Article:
v
&times;&times;&times;&times;&times;&times;&times;&times;&times; &times;&times;&times;&times;&times;&times;&times;&times;&times;
&times; &times; &times; &times; &times; &times; &times; &times; &times; &times;r &times; &times; &times; &times;v &times; &times; &times; &times;
F
&times;&times;&times;&times;&times;&times;&times;&times;&times; &times;&times;&times;&times;&times;&times;&times;&times;&times;
F
F
&times;&times;&times;&times;&times;&times;&times;&times;&times; &times;&times;&times;&times;&times;&times;&times;&times;&times;
&times; &times; &times; &times; &times; &times; &times; &times; &times; F&times; &times; &times; &times; &times; &times; &times; &times; &times;
v
&times;&times;&times;&times;&times;&times;&times;&times;&times; &times;&times;&times;&times;&times;&times;&times;&times;&times;
&times;&times;&times;&times;&times;&times;&times;&times;&times; &times;&times;&times;&times;&times;&times;&times;&times;&times;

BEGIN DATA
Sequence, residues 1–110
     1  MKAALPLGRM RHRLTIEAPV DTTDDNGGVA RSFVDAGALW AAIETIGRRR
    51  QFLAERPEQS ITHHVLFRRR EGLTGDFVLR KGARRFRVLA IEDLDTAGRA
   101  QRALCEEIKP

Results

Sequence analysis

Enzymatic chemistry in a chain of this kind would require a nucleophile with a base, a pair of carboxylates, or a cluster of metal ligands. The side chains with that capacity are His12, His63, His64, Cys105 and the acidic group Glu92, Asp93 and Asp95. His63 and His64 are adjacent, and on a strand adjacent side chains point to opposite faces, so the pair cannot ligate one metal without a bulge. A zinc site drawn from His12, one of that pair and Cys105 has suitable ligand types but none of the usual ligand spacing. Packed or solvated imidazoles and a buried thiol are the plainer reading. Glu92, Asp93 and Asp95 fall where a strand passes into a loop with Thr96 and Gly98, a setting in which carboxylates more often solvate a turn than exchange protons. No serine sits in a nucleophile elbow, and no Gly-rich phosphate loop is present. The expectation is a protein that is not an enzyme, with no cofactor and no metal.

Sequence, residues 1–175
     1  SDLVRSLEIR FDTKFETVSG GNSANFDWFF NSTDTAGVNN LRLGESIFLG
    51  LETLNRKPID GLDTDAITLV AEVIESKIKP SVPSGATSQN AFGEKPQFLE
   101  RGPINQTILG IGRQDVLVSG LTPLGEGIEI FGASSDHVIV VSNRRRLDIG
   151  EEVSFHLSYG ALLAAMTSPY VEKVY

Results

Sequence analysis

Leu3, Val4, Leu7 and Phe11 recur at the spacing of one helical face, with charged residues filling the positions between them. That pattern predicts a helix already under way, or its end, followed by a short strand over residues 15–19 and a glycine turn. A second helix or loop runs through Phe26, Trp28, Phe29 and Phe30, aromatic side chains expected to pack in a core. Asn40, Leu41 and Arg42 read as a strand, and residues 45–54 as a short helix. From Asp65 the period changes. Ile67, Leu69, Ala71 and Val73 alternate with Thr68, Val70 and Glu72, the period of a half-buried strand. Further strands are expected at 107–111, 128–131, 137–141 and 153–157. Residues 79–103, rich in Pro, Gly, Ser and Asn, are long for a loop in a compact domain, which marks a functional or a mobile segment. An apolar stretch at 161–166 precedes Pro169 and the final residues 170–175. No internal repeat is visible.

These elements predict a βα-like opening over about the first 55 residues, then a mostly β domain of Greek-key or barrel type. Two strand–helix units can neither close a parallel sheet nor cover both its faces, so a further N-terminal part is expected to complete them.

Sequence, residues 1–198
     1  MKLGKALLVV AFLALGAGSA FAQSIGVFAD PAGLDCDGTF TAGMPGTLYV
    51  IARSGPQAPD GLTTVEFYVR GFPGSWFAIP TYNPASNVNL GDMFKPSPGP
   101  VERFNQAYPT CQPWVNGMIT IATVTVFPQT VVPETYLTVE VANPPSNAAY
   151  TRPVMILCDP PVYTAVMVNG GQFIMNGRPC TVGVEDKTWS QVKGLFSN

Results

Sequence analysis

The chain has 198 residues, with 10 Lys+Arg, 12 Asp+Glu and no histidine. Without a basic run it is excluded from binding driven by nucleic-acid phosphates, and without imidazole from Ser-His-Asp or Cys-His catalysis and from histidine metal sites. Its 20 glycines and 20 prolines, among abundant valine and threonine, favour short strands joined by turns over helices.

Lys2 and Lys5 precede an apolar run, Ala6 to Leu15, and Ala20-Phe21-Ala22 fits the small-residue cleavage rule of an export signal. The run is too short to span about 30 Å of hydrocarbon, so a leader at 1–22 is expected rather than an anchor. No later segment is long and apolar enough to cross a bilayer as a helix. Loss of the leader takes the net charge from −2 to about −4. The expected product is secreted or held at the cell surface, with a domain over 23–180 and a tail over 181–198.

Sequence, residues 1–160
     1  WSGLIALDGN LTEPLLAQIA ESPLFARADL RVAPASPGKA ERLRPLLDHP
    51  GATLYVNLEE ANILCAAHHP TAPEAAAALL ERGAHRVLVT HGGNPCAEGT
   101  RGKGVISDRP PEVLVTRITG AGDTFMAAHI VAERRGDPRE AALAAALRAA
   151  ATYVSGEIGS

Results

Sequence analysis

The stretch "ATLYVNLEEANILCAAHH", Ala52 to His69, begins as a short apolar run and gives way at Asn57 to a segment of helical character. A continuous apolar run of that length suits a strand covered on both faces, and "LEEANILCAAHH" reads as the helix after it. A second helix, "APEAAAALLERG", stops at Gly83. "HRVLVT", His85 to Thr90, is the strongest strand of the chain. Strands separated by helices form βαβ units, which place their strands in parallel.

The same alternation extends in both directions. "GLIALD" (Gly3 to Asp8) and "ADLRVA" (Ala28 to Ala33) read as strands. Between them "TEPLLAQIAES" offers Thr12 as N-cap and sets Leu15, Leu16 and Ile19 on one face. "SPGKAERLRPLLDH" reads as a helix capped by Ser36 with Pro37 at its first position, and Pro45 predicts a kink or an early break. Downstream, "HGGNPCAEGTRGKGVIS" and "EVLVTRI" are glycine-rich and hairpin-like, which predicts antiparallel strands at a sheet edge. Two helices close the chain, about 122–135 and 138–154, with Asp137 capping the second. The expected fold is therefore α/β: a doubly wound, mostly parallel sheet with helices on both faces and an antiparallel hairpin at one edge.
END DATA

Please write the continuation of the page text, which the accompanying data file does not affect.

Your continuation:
+
v
&times;&times;&times;&times;&times;&times;&times;&times;&times; &times;&times;&times;&times;&times;&times;&times;&times;&times;
&times;&times;&times;&times;&times;&times;&times;&times;&times; &times;&times;&times;&times;&times;&times;&times;&times;&times;
The velocity is always tangent
to the particle’s trajectory:
By RHR-1, the force is always
perpendicular to v and directed
in toward the center of motion.
Whenever we have circular motion, we can
identify a Centripetal Force.
Remember: The centripetal force is not a new force, but it is the vector sum of the
Here, the centripetal force is solely due to the magnetic force, thus,
1
mvx2
mv
FC = FM ⇒ FC = qvB sin θ ⇒
= qvB sin θ ⇒ r =
r
qB
Thus, the larger B is, the tighter the circular path (smaller r).
Example:
21.13. a beam of proton moves in a circle of radius 0.25 m. The protons moves
perpendicular to a 0.3-T magnetic field. (a) What is the speed of each proton? (b)